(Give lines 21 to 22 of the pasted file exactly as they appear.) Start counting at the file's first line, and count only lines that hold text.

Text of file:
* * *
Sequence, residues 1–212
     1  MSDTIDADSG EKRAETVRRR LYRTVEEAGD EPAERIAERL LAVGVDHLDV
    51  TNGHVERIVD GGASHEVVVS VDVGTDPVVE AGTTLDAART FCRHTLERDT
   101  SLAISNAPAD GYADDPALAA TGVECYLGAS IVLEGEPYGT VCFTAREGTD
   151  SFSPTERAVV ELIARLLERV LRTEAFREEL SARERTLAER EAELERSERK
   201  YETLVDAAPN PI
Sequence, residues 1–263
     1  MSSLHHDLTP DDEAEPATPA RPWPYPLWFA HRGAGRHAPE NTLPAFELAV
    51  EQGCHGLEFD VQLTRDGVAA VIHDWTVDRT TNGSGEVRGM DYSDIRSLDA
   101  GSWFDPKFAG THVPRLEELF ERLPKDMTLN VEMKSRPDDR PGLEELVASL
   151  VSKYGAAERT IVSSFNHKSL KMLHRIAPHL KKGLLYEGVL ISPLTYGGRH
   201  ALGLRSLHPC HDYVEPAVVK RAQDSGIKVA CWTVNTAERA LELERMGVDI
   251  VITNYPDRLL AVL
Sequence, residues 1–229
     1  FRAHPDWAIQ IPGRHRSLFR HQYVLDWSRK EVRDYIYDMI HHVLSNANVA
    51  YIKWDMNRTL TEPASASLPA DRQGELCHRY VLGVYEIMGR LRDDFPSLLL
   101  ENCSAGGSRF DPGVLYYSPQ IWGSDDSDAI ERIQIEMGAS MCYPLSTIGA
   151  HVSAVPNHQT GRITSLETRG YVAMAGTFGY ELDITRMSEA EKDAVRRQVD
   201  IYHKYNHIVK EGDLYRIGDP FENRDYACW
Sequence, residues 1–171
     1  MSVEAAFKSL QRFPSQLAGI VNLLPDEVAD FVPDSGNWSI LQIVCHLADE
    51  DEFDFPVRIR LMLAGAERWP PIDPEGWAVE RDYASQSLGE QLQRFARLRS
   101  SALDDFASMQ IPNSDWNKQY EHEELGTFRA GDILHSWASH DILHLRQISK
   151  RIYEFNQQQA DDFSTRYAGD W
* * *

     1  MSVEAAFKSL QRFPSQLAGI VNLLPDEVAD FVPDSGNWSI LQIVCHLADE
    51  DEFDFPVRIR LMLAGAERWP PIDPEGWAVE RDYASQSLGE QLQRFARLRS